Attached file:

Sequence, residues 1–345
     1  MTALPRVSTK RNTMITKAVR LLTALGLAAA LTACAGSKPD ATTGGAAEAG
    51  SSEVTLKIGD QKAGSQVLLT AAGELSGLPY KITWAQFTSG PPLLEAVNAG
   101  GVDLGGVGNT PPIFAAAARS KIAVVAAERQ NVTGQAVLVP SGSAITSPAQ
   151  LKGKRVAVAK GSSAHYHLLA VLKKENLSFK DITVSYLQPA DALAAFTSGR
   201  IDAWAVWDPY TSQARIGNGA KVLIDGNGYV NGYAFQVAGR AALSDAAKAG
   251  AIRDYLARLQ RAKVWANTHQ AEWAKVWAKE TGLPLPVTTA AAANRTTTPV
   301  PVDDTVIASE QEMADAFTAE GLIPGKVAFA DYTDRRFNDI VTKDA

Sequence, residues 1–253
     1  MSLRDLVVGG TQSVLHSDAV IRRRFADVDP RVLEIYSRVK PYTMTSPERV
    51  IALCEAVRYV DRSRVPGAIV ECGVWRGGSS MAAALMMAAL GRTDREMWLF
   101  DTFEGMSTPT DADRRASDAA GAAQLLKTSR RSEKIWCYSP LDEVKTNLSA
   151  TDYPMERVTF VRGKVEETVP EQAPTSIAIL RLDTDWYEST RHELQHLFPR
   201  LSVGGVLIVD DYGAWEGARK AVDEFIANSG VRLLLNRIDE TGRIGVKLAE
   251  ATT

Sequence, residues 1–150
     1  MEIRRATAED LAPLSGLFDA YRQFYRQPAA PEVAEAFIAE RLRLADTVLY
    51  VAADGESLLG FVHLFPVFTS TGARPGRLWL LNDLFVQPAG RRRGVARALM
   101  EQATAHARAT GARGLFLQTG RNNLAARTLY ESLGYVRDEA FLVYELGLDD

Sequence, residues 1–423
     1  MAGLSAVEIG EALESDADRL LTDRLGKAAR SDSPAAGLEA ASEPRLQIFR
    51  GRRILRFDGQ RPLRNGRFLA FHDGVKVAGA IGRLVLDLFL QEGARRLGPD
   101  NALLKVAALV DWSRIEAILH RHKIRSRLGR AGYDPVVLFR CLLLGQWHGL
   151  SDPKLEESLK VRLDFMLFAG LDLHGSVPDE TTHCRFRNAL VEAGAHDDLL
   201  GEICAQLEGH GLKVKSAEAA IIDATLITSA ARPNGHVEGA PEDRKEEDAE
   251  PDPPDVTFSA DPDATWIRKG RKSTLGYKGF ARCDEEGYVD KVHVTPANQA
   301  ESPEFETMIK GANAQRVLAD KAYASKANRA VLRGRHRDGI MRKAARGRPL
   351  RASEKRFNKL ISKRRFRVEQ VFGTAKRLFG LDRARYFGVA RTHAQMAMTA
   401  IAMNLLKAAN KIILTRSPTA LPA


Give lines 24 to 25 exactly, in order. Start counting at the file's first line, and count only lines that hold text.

   151  SDPKLEESLK VRLDFMLFAG LDLHGSVPDE TTHCRFRNAL VEAGAHDDLL
   201  GEICAQLEGH GLKVKSAEAA IIDATLITSA ARPNGHVEGA PEDRKEEDAE